Times are changing in racing and will and should include touring series. For years they have had the run of the facilities (racetracks) and the promoters. Contracts are written in which the promoter/racetrack must guarantee to pay a sanction fee, must pay tow money, must pay the purse, possibly may be responsible for advertising, and for promoting the event. That is why some racing series are no longer racing in the Kansas City area. Promoting in racing is a risky business, how much risk is a racetrack/promoter willing to take?
Touring Series have for the most part written contracts which protect them from any of the risk. They do not normally guarantee any amount of racecars showing. Tracks prepare for these special events and purchase extra food for a larger crowd, the touring series takes no responsibility if the event is cancelled. Same thing may also apply to tracks adding additional temporary seating and/or port-a- potties. Most of these contracts are so heavily written in favor of the touring series more and more tracks are starting to say no thank you.
Not all contracts are written in this way, sometimes the touring series comes in takes the front and back gates and the promoter/racetrack gets to keep the concessions. Again there is usually not any guarantee of car count. When a contract like this occurs the track is still stuck with the electric bill, the concession help bill, the track preparation bill, the trash removal bill, possibly the insurance bill, possibly the advertising bill, and possibly the ambulance bill. We need to remember racetracks are in the business to make money.
Touring series in the future are going to need to take on more of the responsibility of sharing costs with the tracks. A standard contract needs to be written from a racetrack promoter’s point of view. Touring series are going to have to take on more responsibility, schedule make up dates, pay for track help when sharing ticket sales, guarantee a car count, be responsible for extra food, and become more of a partner to the tracks.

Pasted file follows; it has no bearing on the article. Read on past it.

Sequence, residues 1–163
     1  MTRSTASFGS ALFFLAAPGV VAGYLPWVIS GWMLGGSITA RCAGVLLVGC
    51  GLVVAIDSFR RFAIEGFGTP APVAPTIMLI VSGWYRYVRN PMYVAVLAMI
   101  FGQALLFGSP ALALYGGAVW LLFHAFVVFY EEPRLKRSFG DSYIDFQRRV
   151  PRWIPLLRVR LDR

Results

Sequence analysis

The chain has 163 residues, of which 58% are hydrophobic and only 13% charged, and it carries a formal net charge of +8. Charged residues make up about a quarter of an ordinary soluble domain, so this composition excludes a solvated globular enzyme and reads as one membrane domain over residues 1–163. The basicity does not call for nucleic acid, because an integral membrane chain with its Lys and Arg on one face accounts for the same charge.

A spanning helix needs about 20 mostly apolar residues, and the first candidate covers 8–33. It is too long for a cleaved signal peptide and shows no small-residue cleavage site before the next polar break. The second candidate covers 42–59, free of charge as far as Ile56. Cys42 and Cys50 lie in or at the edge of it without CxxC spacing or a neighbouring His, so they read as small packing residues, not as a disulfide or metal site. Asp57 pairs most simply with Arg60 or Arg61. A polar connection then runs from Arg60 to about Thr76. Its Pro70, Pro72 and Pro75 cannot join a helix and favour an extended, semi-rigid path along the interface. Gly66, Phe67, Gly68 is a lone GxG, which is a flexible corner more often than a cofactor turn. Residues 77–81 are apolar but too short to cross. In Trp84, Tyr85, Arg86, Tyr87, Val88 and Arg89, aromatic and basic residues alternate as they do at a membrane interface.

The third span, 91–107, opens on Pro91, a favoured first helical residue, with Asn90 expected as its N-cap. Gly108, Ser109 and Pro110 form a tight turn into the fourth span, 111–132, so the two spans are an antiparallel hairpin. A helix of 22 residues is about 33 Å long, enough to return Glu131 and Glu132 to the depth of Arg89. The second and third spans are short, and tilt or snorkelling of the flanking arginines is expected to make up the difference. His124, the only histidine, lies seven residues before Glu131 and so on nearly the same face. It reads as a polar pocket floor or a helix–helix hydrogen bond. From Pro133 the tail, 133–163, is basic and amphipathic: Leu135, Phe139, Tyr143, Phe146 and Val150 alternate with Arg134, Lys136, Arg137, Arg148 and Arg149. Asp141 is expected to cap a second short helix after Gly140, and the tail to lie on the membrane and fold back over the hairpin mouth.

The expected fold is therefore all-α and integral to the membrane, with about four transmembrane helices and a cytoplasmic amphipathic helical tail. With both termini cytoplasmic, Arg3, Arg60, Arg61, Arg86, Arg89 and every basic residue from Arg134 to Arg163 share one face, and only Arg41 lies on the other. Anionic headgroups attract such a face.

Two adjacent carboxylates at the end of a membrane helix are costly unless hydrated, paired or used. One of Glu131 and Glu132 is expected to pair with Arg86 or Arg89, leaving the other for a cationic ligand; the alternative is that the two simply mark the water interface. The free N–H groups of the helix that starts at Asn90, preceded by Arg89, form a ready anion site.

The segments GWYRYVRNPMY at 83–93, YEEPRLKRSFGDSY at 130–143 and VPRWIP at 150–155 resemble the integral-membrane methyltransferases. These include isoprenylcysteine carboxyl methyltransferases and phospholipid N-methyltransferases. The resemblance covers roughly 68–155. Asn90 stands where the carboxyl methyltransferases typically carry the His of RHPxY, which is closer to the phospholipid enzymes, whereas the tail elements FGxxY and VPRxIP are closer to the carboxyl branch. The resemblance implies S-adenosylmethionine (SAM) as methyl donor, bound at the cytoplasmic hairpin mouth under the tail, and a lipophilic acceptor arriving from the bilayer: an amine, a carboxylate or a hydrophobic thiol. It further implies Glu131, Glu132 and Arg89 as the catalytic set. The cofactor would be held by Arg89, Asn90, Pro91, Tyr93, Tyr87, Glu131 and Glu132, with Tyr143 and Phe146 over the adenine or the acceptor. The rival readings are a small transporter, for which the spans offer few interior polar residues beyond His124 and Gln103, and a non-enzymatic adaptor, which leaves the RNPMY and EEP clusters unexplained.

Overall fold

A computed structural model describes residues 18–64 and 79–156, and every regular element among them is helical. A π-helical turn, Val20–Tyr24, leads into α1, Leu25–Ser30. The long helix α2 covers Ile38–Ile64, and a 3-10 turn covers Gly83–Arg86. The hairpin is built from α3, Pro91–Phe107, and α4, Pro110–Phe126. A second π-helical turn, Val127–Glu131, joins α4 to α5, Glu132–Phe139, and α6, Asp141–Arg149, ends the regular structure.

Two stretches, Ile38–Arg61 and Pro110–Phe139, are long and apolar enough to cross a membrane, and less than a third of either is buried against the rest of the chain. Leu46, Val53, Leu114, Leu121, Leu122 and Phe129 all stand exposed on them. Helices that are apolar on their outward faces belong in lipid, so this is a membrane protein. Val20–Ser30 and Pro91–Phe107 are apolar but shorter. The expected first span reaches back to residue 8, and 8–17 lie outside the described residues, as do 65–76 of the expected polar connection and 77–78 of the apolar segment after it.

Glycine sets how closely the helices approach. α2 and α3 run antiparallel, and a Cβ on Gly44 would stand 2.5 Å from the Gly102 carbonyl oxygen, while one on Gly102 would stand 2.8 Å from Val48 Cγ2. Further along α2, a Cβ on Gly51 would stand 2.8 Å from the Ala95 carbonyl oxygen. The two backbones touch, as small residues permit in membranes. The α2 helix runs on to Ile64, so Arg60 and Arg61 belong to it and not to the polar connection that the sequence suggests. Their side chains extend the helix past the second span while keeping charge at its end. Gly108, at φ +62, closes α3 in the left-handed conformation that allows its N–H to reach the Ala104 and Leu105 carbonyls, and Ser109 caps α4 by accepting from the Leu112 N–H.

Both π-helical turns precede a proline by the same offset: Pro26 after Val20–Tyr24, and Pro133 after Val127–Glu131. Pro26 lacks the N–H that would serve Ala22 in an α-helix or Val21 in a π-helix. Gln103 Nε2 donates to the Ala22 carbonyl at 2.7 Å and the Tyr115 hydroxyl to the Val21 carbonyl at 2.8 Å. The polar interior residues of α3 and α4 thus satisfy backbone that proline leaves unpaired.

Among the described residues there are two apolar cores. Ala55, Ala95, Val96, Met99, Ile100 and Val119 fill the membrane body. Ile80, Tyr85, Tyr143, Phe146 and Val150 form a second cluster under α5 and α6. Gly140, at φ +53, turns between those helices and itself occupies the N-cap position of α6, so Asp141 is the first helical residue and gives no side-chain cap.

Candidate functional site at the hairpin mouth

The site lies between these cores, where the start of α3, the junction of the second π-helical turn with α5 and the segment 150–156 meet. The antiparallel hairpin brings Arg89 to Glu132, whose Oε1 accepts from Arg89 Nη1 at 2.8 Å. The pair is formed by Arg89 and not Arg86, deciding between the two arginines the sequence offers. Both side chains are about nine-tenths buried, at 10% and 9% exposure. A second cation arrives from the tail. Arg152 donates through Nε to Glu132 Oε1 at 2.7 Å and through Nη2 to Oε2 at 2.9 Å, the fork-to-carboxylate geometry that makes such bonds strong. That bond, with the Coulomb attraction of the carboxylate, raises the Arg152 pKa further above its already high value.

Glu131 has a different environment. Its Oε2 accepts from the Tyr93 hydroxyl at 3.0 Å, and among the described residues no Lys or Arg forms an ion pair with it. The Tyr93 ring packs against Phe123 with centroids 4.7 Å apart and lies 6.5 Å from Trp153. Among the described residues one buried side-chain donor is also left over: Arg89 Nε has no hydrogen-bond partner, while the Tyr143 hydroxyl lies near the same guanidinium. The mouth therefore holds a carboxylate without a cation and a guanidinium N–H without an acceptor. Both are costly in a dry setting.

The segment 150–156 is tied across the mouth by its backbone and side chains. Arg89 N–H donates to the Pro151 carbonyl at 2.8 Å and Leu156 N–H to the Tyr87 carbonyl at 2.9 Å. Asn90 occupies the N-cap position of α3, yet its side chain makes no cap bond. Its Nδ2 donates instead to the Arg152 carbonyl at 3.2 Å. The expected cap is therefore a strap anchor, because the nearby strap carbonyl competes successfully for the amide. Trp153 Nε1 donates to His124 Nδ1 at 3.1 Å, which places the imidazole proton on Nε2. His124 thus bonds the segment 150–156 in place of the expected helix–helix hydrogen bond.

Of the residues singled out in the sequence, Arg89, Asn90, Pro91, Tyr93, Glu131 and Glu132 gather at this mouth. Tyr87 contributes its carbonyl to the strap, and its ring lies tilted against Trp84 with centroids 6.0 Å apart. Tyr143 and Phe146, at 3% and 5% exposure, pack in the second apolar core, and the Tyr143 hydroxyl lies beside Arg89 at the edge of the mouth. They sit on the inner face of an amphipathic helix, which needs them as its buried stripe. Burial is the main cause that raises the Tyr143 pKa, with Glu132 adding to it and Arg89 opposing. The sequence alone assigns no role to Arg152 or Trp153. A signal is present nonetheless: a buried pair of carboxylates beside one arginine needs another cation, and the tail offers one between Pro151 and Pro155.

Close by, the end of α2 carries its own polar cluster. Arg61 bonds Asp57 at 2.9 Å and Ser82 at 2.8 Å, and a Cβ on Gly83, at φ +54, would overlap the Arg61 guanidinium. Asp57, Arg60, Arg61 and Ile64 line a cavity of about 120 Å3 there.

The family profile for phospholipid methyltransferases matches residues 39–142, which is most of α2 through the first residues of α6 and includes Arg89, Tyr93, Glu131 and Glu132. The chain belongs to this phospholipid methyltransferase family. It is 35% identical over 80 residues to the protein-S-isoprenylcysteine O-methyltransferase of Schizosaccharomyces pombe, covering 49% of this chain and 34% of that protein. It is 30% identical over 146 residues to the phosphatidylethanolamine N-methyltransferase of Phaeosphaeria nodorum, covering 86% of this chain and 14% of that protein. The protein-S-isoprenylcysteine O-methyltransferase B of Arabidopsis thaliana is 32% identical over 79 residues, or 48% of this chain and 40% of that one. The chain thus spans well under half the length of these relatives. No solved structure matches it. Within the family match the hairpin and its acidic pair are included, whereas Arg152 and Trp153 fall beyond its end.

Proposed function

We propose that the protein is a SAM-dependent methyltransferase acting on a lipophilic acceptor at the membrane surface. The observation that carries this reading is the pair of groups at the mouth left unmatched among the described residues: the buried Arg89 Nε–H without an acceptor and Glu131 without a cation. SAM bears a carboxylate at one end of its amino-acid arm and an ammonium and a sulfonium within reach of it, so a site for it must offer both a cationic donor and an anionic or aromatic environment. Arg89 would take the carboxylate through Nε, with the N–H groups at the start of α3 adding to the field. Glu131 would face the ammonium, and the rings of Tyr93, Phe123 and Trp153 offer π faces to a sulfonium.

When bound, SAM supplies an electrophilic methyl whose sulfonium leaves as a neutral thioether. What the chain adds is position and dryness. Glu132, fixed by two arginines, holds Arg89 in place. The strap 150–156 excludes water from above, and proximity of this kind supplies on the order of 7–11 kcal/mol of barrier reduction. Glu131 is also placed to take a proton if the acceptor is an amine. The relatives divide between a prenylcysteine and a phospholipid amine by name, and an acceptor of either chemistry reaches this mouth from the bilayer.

What happens if this does not occur, well touring series may go away. We have seen that in the past anyone remember the WDRL? Tracks do have options, they have their weekly racers. Weekly racers formerly had their special night where a class may time trial instead of run heat races and run longer racers. Longer races could include required pit stops to add fuel at the half way point. Does anyone remember the Pepsi 50 or the World 400? Just because we are on dirt promotion and racing are still the same. Promoters can utilize the local racers and create what we had in the past and in the course of recreating that interest have more leverage with touring series.
Some in racing have observed the touring series contracts becoming one sided and therefore have created their own series to grow. Some series are leasing the track and taking on the responsibility of cost. Some series are working with tracks to ensure everyone makes money and shares in the cost. When you see a racing series no longer competing at tracks they formerly competed it might be time the series look at their contract.